The work of Troy Hunt, an Australian researcher, for the ‘Have I been Pwned’ project is making security and password setting online a real priority. The, ‘Have I Been Pwned’ project is a compliation of numerous tools that stop users from keeping easy to guess and silly passwords for their online logins.
Hunt has for some time now been collecting data exposed through breaches, which is why the ‘Have I Been Pwned’ (HIBP) initiative has given users the much needed feasibility to check if their name, passwords, emails and other secure details were part of public data breaches.
HIBP’s Pwned Password Service
Recently during the summer of 2017, Hunt brought to the market a new feature for the HIBP. This new feature included a website section by the name of Pwned Passwords, where users could easily crosscheck whether the password they had in mind was part of the leaked data sets or not. The feature does sound really creepy, considering you would have to enter your soon-to-be password in a search form for a website, but Hunt has garnered the trust of many individuals during his work in the past few years.
This new service is incredibly useful, since it gives you a way to secure all your future passwords. Regardless of whether you have a weak password currently, you can easily ensure that you don’t pick up a silly password, or one that was already used by someone who had seen their account being compromised, going into the future.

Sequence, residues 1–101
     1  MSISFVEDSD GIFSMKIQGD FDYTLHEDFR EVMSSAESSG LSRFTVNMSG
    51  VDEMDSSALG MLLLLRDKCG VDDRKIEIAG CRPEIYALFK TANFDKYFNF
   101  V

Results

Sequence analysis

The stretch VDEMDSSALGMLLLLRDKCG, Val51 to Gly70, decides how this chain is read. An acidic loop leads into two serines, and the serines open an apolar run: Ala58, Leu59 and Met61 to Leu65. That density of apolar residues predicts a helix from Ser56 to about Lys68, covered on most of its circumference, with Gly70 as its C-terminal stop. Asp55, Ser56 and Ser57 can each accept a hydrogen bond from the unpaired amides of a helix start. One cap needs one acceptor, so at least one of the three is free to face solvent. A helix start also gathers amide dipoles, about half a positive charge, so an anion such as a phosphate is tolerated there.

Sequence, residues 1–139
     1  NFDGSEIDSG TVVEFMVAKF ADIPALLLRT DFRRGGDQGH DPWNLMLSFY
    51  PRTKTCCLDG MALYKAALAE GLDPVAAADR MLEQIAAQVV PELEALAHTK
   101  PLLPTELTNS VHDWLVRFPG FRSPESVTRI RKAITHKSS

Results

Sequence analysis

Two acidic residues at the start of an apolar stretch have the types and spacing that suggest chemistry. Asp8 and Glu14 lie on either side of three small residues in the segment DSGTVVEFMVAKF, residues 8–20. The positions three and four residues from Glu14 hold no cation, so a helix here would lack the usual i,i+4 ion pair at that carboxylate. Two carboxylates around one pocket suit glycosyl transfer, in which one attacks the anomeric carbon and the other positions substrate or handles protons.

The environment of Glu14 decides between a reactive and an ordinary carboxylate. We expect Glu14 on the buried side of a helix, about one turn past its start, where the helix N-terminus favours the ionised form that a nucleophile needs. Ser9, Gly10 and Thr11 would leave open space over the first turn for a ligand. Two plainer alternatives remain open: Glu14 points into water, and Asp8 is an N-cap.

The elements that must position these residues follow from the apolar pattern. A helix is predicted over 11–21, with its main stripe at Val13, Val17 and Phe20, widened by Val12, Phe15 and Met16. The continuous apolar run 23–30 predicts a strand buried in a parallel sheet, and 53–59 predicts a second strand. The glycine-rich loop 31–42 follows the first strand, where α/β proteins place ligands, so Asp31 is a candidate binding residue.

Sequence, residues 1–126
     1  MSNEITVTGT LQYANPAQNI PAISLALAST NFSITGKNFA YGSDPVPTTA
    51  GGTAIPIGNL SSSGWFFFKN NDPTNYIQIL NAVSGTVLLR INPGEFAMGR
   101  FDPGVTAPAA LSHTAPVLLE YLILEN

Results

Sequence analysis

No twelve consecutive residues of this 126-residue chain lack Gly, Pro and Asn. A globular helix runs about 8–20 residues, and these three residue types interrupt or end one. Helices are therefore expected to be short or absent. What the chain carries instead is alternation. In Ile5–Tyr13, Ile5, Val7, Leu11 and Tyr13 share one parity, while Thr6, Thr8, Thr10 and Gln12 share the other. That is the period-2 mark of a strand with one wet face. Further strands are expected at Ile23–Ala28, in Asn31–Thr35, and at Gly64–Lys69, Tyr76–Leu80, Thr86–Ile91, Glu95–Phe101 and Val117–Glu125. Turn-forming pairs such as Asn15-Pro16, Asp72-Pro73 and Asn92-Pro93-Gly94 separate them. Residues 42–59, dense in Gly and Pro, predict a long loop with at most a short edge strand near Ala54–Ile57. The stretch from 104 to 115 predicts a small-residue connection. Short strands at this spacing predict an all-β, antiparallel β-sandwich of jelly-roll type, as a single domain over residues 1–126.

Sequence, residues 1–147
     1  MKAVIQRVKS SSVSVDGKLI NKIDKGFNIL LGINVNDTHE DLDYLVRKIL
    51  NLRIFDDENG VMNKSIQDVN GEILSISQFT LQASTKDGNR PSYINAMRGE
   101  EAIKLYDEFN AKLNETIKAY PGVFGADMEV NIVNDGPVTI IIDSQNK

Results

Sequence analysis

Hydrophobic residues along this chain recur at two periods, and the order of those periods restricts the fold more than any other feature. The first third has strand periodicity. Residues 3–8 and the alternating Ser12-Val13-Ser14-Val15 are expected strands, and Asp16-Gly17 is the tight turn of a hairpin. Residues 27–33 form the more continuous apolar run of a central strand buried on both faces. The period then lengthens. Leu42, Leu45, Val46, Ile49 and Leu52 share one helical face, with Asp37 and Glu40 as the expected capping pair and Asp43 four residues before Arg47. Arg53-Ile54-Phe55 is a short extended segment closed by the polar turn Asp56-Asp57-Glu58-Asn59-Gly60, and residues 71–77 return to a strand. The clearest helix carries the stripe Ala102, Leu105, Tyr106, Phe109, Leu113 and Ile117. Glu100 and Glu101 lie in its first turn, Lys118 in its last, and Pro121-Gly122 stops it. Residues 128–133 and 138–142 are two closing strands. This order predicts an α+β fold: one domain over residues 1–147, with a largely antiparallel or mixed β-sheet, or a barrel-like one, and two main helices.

Pwned Passwords V2
Hunt recently revamped the service for Pwned Passwords and launched the version 2 a week ago from now. The new version is better equipped than before and includes no less than 501,636,842 passwords that have been compromised. Like the first version, this one is also available on the website for pwned passwords online and can be accessed through an archive that can be downloaded for future references by users. The project has received the much needed nod of approval from all government entities and it is expected that the pwned passwords service would come in handy for IT staffers and government domains.